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As a child, I couldn’t wait until I was old enough to try the coveted fizzy drink known as soda. And when I was finally given a taste of the sugary liquid, I gagged. Soda was not what I thought it was going to be and studies are proving that it is definitely not what its manufacturers and advertisers make it out to be. Along with taking paint off of cars and leaching the calcium from your bones, diet soda has been linked to diabetes.
Diabetes Spreading to Young Adults and Children
Diabetes can be an autoimmune disease (Type I), develop during pregnancy (gestational) or be caused by diet, weight and lifestyle (Type II). Although soda and sugary drinks are not good for any of the above (or anyone), the studies focus on Type II diabetes, where the body becomes insulin resistant. The pancreas is usually producing enough insulin, but the body is unable to metabolize it.
The disease used to be limited to those who are older, obese, inactive and other certain ethnic backgrounds, but it is increasingly being diagnosed in young adults and children.
First Things First
Since about 80% of people with Type II diabetes are overweight, a study done by the University of Texas Health Science Center ironically claims that diet soda doesn’t actually help you lose weight. The center complied eight years of research to determine for each can of diet soda consumed, a person’s risk of obesity increased 41%.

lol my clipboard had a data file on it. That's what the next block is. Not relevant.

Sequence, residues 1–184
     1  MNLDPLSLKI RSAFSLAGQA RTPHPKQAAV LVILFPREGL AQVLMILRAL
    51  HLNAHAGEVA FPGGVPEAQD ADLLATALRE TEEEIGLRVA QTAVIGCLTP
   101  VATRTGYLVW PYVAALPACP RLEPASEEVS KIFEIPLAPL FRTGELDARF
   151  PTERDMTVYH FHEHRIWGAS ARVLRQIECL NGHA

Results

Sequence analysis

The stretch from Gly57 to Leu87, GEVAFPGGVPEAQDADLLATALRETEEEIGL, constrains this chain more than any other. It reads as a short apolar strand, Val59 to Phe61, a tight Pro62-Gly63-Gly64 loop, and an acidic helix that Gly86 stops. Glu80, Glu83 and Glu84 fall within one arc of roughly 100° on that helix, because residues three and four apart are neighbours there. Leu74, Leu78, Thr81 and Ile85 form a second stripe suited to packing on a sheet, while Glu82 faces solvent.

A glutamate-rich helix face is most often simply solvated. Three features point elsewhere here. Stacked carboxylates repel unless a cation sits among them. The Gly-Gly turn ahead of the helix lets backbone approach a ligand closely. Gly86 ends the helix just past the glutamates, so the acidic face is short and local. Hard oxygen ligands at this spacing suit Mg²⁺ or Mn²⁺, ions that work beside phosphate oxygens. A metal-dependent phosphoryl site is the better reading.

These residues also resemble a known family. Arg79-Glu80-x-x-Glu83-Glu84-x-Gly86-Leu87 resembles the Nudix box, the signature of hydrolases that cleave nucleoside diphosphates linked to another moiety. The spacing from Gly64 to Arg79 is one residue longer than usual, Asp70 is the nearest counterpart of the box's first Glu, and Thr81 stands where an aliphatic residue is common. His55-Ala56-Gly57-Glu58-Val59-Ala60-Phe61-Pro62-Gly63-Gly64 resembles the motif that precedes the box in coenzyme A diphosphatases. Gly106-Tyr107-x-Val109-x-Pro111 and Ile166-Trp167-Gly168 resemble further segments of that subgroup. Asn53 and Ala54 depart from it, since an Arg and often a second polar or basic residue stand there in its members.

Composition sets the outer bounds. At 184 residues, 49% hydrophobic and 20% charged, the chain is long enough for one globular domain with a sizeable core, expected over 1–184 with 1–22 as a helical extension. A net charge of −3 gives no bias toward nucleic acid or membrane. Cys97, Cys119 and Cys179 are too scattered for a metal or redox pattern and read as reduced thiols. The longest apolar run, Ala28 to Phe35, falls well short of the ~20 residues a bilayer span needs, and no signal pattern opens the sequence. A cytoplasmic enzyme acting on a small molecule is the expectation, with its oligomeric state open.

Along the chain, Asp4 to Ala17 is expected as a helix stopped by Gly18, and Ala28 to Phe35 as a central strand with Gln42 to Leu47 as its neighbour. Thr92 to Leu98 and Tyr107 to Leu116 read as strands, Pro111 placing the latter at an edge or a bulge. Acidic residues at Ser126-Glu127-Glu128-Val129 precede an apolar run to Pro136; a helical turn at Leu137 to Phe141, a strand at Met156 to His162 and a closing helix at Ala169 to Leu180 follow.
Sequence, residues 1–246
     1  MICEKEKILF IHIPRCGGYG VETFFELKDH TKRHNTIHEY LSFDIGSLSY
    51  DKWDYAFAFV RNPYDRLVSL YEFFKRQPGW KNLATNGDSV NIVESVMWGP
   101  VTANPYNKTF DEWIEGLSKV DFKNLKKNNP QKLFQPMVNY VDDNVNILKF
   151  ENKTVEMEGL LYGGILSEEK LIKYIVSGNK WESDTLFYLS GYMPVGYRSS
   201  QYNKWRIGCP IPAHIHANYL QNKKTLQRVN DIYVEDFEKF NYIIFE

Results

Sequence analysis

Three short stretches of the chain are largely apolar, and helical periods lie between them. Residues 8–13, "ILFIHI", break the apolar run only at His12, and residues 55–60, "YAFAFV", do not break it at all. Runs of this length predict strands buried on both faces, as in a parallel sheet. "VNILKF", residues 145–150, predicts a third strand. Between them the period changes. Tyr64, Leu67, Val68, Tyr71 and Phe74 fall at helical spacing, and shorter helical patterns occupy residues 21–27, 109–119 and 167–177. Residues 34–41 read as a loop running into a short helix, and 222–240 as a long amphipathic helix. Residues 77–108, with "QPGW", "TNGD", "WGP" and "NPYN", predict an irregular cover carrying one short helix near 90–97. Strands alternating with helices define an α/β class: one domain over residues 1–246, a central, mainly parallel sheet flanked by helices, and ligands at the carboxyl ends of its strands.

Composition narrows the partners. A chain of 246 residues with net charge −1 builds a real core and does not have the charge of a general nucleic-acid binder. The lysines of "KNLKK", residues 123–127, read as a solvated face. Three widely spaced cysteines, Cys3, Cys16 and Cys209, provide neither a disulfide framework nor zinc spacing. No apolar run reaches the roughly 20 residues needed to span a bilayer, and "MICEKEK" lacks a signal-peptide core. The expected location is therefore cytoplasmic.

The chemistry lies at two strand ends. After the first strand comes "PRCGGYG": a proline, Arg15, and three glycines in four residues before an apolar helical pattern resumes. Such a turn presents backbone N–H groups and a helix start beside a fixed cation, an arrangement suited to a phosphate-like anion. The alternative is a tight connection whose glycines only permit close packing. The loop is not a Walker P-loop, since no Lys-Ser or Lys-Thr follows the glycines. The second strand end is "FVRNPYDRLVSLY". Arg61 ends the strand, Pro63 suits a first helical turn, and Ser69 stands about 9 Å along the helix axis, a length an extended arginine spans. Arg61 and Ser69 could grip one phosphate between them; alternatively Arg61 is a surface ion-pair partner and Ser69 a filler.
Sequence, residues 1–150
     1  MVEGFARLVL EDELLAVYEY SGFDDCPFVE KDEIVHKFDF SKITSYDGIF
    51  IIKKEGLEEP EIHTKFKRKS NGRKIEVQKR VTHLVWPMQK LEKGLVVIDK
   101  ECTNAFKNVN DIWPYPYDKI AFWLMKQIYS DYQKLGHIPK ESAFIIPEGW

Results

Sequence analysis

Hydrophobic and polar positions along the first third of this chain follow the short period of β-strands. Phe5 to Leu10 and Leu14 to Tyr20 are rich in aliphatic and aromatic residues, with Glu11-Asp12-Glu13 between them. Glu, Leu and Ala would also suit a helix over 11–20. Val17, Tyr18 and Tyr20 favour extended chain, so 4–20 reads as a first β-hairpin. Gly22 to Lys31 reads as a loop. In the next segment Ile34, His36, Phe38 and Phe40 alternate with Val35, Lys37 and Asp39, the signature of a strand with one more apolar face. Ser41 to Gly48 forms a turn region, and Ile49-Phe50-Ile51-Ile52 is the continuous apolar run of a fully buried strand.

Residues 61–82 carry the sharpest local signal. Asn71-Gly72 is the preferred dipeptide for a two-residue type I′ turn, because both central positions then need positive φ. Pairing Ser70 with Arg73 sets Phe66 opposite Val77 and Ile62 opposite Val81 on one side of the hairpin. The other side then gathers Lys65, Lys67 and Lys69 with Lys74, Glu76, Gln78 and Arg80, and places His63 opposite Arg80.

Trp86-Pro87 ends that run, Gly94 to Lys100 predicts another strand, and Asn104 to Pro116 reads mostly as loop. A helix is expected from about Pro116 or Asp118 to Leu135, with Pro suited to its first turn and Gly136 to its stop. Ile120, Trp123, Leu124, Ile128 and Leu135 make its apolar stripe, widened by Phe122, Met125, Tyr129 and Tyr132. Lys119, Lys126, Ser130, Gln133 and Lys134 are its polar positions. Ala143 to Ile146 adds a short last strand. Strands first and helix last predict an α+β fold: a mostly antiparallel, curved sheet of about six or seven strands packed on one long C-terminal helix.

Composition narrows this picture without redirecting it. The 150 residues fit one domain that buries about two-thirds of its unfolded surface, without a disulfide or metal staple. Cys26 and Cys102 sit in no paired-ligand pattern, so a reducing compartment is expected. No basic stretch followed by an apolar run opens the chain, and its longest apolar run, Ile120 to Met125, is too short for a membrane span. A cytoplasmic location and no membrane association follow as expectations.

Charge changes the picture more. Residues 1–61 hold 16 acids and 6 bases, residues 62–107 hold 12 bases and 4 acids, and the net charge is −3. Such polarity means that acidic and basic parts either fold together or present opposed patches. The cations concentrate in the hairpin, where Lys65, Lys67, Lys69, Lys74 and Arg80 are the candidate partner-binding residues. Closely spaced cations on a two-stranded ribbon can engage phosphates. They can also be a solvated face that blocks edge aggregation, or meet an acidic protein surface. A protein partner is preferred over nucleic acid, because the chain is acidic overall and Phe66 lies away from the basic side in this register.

People often mistake diet drinks for diets, says Bonci, director of sports nutrition at the University of Pittsburgh Medical Center and nutrition consultant to college and professional sports teams and to the Pittsburgh Ballet. – Drink More Diet Soda, Gain More Weight?, By Daniel J. DeNoon
The study doesn’t wish to imply that diet soda causes obesity, but I think it’s clear that diet soda definitely doesn’t help you maintain your figure either. And, if you want the skinny on aspartame, proceed to our past article on this dangerous sweetener used in almost all diet sodas.
A 2007 study by Tufts University found insulin sensitivity in participants who drank diet soda, and in 2009, the University did follow up research determining that sugar-sweetened soda may promote insulin-resistant phenotypes or characteristics. The University of Texas Health Sciences Center claims that daily diet soda consumption gives one a 67% greater risk of developing Type II diabetes and a 36% greater risk of developing metabolic syndrome.
Metabolic syndrome is defined as a myriad of symptoms (low HDL, elevated triglycerides and obesity) that increases one’s risk of developing Type II diabetes and cardiovascular disease. I wasn’t a math major, but wouldn’t that make one’s risk 103%, since metabolic syndrome increases one’s risk of developing Type II diabetes.
With all of the numbers and statistics against diet soda, I’m glad my childhood palate didn’t develop a taste for the beverage. It’s enough that I continue to gag reading all of the detrimental research!
Corinne Kohrherr is a Licensed Acupuncturist, Board Certified Chinese Herbalist, Registered Nurse, Licensed Massage Therapist and DONA Certified Childbirth Doula. She is a holistic healthcare practitioner and lives in New York City with her dogs Martini and Olive.